We Help firefighters and their families cope with cancer
Since 2005, the nonprofit Firefighter Cancer Support Network (FCSN) has provided assistance and one-on-one mentoring to thousands of cancer-stricken firefighters and their families. FCSN also delivers extensive firefighter cancer awareness and prevention training nationwide.
Vision: To be the global leader in firefighter cancer support, awareness and education.
Mission: To assist firefighters and EMS providers and their immediate families diagnosed with cancer by providing badge to badge support, training and guidance.
Cancer is the most dangerous threat to firefighter health and safety today.
- Cancer caused 61 percent of the career firefighter line-of-duty deaths from January 1, 2002, to December 31, 2016, according to data from the International Association of Fire Fighters (IAFF).
- Cancer caused 70 percent of the line-of-duty deaths for career firefighters in 2016.
- Firefighters have a 9 percent higher risk of being diagnosed with cancer than the general U.S. population.
- Firefighters have a 14 percent higher risk of dying from cancer than the general U.S. population.
There’s little data about cancer among volunteer firefighters, and the U.S. Fire Administration’s firefighter fatality statistics do not include cancer-related deaths, but it’s a stark reality: Firefighting increases cancer risks significantly for every firefighter.
About the Firefighter Cancer Support Network
FCSN is a 501(c)(3) organization established by Los Angeles County Firefighter Paramedic Michael Dubron, a survivor of stage IV colon cancer. Today, FCSN’s key supporters and partners include the International Association of Fire Fighters (IAFF), the International Association of Fire Chiefs (IAFC), the National Volunteer Fire Council (NVFC), Firefighter Close Calls (FFCC), and the National Fallen Firefighters Foundation (NFFF), among many other respected fire-service organizations. FCSN is a founding member of the Fire Service Occupational Cancer Alliance. We also work with the American Cancer Society and the Live Strong Foundation.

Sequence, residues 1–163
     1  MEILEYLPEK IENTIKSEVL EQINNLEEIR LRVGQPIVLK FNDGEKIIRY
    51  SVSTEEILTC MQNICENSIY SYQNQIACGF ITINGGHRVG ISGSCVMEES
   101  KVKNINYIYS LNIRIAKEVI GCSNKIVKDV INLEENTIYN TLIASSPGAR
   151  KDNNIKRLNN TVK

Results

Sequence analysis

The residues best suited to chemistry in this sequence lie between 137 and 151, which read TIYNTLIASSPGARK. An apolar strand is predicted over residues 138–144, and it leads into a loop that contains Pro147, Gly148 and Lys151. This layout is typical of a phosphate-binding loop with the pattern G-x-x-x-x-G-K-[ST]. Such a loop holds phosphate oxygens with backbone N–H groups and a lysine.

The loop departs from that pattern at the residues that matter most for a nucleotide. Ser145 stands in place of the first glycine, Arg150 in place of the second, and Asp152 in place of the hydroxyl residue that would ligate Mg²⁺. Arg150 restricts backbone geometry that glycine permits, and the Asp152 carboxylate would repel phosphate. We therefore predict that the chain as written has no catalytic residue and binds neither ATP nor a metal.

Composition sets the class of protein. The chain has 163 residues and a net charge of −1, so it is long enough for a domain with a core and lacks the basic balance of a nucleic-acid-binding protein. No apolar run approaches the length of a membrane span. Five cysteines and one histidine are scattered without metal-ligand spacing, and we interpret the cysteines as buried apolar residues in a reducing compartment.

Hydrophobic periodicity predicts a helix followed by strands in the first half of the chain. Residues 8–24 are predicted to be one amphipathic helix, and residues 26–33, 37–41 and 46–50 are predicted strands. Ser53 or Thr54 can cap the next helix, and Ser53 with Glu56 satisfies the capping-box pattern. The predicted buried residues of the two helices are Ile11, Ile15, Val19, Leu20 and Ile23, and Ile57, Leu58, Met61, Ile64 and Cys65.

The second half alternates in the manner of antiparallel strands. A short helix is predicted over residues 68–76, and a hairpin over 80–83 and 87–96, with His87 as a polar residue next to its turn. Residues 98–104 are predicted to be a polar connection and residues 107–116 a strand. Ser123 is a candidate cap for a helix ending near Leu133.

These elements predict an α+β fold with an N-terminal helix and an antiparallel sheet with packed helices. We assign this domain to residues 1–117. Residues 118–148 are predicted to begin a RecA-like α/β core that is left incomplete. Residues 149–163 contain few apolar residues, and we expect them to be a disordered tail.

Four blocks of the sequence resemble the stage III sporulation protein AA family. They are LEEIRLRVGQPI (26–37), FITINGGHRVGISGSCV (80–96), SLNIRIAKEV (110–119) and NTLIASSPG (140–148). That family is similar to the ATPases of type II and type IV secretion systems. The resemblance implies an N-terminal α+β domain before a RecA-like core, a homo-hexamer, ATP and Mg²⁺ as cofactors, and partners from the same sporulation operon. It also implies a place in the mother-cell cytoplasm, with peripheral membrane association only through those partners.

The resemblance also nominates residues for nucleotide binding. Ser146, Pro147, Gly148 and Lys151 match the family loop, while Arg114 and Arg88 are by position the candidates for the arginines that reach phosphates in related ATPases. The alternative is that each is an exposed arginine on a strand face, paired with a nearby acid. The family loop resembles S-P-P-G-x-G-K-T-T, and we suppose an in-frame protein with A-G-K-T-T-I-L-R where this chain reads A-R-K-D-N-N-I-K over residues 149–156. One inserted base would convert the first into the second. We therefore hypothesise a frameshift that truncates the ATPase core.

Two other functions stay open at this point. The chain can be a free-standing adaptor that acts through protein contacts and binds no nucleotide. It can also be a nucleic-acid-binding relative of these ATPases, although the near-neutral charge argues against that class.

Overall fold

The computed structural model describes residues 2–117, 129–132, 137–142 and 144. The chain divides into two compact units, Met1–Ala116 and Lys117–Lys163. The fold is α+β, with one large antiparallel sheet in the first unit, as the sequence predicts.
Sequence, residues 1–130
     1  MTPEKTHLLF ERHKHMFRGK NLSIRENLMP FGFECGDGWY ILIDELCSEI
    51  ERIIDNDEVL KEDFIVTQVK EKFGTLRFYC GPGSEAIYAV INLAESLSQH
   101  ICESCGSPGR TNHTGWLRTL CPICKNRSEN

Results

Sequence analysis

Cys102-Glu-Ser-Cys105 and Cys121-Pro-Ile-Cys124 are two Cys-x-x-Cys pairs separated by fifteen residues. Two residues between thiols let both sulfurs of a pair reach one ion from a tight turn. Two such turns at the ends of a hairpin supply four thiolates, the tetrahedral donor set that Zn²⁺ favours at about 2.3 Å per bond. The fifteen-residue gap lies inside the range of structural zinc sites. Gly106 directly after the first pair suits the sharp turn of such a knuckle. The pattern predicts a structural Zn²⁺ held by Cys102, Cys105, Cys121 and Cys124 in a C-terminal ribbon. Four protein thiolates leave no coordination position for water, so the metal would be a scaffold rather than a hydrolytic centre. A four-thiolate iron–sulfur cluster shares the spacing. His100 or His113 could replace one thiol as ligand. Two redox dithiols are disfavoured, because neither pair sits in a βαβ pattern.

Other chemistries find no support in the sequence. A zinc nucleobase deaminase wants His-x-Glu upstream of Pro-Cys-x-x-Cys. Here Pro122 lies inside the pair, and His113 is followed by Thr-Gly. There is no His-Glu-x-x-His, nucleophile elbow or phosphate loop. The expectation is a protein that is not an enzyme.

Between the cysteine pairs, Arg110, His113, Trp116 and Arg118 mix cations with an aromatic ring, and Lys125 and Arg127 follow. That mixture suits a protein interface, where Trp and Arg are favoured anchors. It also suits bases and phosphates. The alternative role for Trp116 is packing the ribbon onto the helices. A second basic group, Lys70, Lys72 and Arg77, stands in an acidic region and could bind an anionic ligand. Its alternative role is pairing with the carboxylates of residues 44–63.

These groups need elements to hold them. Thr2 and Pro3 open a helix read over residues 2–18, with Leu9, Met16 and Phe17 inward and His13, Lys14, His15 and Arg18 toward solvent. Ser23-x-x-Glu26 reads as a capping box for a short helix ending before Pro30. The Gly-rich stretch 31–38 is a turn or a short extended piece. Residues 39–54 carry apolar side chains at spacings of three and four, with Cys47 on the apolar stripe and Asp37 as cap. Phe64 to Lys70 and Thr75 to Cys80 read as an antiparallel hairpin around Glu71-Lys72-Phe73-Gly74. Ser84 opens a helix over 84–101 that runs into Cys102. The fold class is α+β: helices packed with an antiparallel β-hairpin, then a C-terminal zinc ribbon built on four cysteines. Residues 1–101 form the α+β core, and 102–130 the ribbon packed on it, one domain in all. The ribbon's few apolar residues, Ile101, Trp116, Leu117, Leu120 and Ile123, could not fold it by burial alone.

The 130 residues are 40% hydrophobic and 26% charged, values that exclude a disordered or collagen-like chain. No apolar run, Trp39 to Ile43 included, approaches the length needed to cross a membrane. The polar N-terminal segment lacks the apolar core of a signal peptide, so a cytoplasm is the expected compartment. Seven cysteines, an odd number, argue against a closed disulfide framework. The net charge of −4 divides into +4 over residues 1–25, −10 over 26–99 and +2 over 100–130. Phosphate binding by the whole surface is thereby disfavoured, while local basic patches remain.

Now in our 16th year, FCSN has active operations in 44 states. In 2016, we expanded FCSN’s cancer-prevention training and launched our new train-the-trainer program. Of course, we’re continuing our primary focus, which is supporting firefighters and their families following a cancer diagnosis.
FCSN can start helping immediately following a cancer diagnosis with an FCSN cancer-support toolbox. FCSN’s signature toolbox, delivered free of charge, contains tested, proven resources to help firefighters and their families cope with the cancer diagnosis, treatment, and recovery phases. If you have received a cancer diagnosis, please call FCSN’s toll-free number – 1-866-994-FCSN (3276) – or simply visit our Request Assistance page.
Next, FCSN offers free badge-to-badge peer support to fire/EMS members and their immediate families. FCSN’s unique network includes more than 130 volunteer peer-support mentors—nearly all are firefighters and paramedics who are cancer survivors themselves. FCSN’s network also includes mentors for spouses and children. Many mentors started their relationship with FCSN seeking assistance for themselves. Now they’re giving back by helping others through the process.